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In my journey to learn more about the history of quilting and fiber arts, I have discovered some incredible makers, artists, thinkers and leaders. A couple weeks ago we talked about one of our founding Quilt Mothers, Nancy Crow, Marti Michell, Rachel Clark and Judith Scott. Today, I bring you someone who is not just a quilter and fiber artist, she is a painter, a writer, a performance artist, a mixed media sculptor, a university professor and one of my long-time heroes. I'm talking about Faith Ringgold.
I was first introduced to Ringgold in my first semester of my freshman year of college. I was a stressed out, over-achiever who thought a steady 4.0 grade point average was a reasonable goal. (Oh how much I have changed...) Over the course of the semester my fellow Design 101 students and I had to recreate an object in many different styles of art. It was kinda like an art history lesson mashed up with basic drawing, painting and sculpting skills.
And I was crushing it. And by crushing it I mean I made zero friends and worked around the clock. Exactly what freshman year is supposed to be about.
For our final project, the professor assigned each student an artist whom we were to use as inspiration to recreate our object. (I guess at this point I should tell you that my object was my glasses. Like I said, I was working all the time so my poor little glasses were never too far away at any given moment.)
Using the style of that artist I was to recreate my glasses in some kind of 8" x 10" format. Since I was the only declared fiber arts major in my freshman class (fancy that!), when the professor got to Faith Ringgold's name she looked up from her clipboard, cracked a small smile and said, "Ms. Williams. This one's yours. Let's see what you can do."
Being the 2004, pre-smartphone era that it was, after class I booked it to the library to look up this Faith Ring-gold. And my gosh did my brain expand to the point of hurting. Did you know that you can paint on fabric and then turn it into a quilt? Did you know that you can write whole stories on fabric and then sew them into beautiful tapestries full of life and color and family and tradition??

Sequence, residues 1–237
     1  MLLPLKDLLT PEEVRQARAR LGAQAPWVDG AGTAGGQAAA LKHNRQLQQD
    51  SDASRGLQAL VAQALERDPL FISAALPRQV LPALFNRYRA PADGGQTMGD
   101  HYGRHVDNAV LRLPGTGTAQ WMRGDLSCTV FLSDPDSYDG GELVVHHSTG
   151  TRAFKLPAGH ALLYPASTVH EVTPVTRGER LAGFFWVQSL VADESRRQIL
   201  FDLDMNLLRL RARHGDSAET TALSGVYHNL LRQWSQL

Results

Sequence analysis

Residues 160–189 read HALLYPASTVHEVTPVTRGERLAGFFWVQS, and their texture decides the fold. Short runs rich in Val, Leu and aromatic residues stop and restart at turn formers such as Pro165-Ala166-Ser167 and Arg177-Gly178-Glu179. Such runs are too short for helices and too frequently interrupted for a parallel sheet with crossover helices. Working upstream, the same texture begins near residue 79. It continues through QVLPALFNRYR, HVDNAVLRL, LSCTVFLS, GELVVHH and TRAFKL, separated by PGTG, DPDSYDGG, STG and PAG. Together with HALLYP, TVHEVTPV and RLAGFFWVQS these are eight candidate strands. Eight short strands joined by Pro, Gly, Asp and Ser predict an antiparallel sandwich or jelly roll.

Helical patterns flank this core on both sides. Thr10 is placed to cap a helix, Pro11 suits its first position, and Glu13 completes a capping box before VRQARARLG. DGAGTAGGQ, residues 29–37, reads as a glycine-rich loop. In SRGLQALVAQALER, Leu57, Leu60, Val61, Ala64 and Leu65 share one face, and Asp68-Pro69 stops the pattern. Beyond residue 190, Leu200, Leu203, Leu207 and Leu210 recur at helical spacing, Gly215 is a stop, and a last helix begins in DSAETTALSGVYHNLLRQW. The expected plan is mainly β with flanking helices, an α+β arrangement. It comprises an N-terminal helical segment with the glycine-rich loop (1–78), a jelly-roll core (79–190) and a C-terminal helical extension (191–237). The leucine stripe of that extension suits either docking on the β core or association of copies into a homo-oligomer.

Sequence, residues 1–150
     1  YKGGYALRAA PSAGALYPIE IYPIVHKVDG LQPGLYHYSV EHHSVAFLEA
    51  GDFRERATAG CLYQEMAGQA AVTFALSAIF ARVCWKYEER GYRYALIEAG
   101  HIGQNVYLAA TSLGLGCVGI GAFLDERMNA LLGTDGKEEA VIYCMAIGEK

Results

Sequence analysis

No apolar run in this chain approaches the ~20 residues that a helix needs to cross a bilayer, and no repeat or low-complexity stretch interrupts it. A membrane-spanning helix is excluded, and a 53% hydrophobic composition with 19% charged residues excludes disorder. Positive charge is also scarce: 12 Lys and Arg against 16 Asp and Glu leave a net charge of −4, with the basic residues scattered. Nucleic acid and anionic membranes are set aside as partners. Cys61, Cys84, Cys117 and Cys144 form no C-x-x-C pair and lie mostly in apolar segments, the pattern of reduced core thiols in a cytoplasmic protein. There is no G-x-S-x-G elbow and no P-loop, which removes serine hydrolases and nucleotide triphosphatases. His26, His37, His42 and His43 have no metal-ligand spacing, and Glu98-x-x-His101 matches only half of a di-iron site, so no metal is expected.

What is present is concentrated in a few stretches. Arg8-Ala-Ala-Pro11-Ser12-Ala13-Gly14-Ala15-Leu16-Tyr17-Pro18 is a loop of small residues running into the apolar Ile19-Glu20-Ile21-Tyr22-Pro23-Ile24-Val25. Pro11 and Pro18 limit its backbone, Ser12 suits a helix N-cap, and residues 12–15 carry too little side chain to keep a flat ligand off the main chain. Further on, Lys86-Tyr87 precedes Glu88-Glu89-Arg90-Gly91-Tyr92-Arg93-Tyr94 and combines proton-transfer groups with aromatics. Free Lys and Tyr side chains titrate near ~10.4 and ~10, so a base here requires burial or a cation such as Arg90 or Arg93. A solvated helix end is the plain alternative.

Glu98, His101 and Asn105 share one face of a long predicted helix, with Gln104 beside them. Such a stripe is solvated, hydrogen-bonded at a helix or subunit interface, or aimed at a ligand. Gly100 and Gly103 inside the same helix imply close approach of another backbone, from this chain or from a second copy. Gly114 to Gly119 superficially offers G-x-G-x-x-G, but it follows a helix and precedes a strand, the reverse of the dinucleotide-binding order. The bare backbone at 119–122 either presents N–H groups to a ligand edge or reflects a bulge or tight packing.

"Dancing on the George Washington Bridge," 1988 Photo cred: craftinamerica.org
Well I was learning all about my new hero and I was not going to let her down. My final project needed to be epic.
I didn't have a photo of my mini quilt, so last week I called my dad and asked if he could take one for me. Below is that picture...I'm pretty sure he walked into a dark closet before snapping the shot, but, I'm grateful that after all of these years he still has it. It currently lives in their house in Missouri. From the many art projects I made my freshman year, this is the only one that stuck around.
In the top and bottom strips of fabric, I wrote a little story about one of Faith Ringgold's common characters, Momma Jones...
"I remember waking up to the soft hum of a sewing machine. Momma Jones always had a smile while she worked. I loved to just sit and watch her work. Sometimes she would let me try but I usually messed up and she'd have to pull out the stitches. She never seemed to mind. No matter how hard things got or how little money we had she always saw the best in the situation. It was like she was wearing rose-colored glasses."
And here are those infamous glasses...along with my 18 year-old self...
Love, Family and Racism
Faith Ringgold was born in 1930 in New York City, where she was given the name Faith Willi Jones as well as a love for storytelling. She was the youngest of three children, and her parents, Andrew Louis Jones and Willi Posey Jones, were artists who incorporated creativity into every day family life.
"Church Picnic," 1988 Photo Cred: HIGH.org